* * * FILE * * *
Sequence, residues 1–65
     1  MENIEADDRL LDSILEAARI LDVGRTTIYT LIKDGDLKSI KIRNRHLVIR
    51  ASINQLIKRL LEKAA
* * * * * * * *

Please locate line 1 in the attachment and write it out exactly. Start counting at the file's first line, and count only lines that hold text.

Sequence, residues 1–65